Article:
Gates: Wherever they want more performance, this is a huge opportunity for them. If every application they have is running every bit as fast as they want, they don't really have much to do here because you can buy 64-bit hardware and run it in 32-bit mode. We're continuing to ship the 32-bit applications, the 32-bit operating system. There will be some time, like five or six years from now, where a lot of application updates will start to be 64-bit only, but that's quite some time off, where people will take the simplification not to have both. And maybe in some niches, like chip design, some of those high-end things, those guys will be 64-bit only even in the near term, but the people who want that kind of software will know that from the ISV. So you really should look at this as opportunity, you should say, can we make our Web site faster? Nowadays, when you look at a Web site, and you compare what it takes in terms of human programming effort and all the different costs that it would take to double the speed of the software, changing the hardware to let you run twice as fast is going to be the most economic way to do that. So everybody should go through where they're running into performance or size limitations and assume that 64-bit is here. It's mature.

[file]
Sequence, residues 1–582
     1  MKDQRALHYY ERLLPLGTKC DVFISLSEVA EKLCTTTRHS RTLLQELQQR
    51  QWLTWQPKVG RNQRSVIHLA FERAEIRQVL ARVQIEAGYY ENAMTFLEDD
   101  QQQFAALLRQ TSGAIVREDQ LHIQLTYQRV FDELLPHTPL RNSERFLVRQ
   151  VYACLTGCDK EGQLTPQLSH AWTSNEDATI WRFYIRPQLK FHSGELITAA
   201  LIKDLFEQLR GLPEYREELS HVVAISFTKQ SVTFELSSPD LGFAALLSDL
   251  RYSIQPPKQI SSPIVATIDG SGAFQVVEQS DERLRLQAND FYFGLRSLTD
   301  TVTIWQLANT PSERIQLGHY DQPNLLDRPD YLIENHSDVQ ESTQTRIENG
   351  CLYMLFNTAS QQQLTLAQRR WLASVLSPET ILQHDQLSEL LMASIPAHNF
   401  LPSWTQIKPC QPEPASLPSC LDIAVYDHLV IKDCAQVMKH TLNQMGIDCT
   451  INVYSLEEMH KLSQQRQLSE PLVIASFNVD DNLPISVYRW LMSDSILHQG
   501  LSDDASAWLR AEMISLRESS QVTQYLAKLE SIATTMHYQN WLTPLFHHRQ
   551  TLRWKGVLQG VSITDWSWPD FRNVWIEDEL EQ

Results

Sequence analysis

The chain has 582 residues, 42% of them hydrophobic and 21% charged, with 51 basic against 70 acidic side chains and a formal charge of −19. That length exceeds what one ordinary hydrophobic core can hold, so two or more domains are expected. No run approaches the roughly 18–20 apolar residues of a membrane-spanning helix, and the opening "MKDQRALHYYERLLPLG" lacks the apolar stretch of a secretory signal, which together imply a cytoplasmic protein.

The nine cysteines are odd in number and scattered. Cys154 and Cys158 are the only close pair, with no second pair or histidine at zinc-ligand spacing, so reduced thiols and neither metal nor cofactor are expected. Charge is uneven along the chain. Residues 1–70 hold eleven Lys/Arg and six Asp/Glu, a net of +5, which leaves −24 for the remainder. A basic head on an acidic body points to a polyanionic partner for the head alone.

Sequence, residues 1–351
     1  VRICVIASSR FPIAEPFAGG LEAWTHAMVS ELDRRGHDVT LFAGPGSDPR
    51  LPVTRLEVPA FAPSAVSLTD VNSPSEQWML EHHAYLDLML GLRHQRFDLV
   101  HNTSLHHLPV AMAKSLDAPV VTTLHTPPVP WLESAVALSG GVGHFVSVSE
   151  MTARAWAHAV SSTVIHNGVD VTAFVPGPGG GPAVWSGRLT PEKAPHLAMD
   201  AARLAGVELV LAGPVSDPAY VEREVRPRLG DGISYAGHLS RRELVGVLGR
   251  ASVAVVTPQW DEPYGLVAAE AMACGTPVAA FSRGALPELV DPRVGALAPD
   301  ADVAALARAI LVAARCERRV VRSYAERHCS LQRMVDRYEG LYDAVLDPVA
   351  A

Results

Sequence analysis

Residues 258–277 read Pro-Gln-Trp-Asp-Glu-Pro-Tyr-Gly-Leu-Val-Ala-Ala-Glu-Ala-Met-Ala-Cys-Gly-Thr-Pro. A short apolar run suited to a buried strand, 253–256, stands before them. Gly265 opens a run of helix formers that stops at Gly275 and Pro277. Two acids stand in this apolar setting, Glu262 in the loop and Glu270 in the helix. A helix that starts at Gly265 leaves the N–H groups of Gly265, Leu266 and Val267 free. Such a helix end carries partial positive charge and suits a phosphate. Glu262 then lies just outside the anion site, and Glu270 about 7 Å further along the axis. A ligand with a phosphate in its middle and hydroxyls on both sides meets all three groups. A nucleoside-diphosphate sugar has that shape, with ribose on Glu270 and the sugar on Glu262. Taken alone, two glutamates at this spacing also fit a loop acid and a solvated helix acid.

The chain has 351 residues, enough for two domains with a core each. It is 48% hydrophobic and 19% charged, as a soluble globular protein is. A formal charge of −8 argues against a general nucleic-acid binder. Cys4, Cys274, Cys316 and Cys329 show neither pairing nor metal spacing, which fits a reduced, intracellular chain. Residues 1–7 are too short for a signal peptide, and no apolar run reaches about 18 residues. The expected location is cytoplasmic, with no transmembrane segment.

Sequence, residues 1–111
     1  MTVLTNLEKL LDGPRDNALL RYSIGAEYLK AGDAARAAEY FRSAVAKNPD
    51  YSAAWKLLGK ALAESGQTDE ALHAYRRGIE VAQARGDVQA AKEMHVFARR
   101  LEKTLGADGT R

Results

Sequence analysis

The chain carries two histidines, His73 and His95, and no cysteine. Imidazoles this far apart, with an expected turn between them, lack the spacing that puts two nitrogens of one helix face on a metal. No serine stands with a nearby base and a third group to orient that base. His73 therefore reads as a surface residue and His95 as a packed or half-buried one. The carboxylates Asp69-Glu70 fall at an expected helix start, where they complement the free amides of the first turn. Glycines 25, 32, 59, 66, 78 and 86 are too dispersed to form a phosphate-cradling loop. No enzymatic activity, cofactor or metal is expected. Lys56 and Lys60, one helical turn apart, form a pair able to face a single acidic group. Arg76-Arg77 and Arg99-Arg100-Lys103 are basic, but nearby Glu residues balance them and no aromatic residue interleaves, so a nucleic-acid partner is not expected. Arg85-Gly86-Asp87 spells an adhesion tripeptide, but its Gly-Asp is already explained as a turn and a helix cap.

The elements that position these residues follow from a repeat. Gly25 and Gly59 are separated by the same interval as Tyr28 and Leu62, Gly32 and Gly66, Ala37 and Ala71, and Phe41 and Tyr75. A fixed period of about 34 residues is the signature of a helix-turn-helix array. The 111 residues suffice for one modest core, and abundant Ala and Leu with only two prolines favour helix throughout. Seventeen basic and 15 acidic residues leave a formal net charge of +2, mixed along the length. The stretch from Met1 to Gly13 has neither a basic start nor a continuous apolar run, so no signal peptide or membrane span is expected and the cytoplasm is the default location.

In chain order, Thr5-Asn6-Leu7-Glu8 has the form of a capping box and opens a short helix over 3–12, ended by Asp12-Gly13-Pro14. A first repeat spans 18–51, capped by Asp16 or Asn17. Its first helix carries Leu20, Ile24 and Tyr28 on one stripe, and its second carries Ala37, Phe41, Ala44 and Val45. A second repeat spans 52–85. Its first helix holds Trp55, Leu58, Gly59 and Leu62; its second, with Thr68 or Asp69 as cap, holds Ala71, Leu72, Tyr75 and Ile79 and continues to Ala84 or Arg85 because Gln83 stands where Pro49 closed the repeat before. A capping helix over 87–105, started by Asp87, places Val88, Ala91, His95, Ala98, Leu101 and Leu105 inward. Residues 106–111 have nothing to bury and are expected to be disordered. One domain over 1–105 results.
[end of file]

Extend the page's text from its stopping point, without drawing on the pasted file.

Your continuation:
We've been running a ton of stuff internally at Microsoft on 64-bit. One of the most amazing stories is we're doing this new search server farm to compete with Google, and we were able to do it with dramatically less machines -- it's still 5,000 machines -- but a lot less than they use because the individual machines have a lot more memory because we assumed a 64-bit design point. They did it back when you couldn't assume that. Our finance department runs all these simulations and the 64-bit, because that now works in memory versus having to go out to disk, they're able to complete those things like ten times faster. [For] most things, the kinds of speed-ups you see are in the 1.5 to 2 [times faster range], but you get some where it's very dramatic. People have to be careful not to think everything is going to be this very dramatic thing. But it turns out most server things are memory starved, and even client-side things, some really push those limits. So this will be much faster on the server, but an impact for some workstations even in the next year.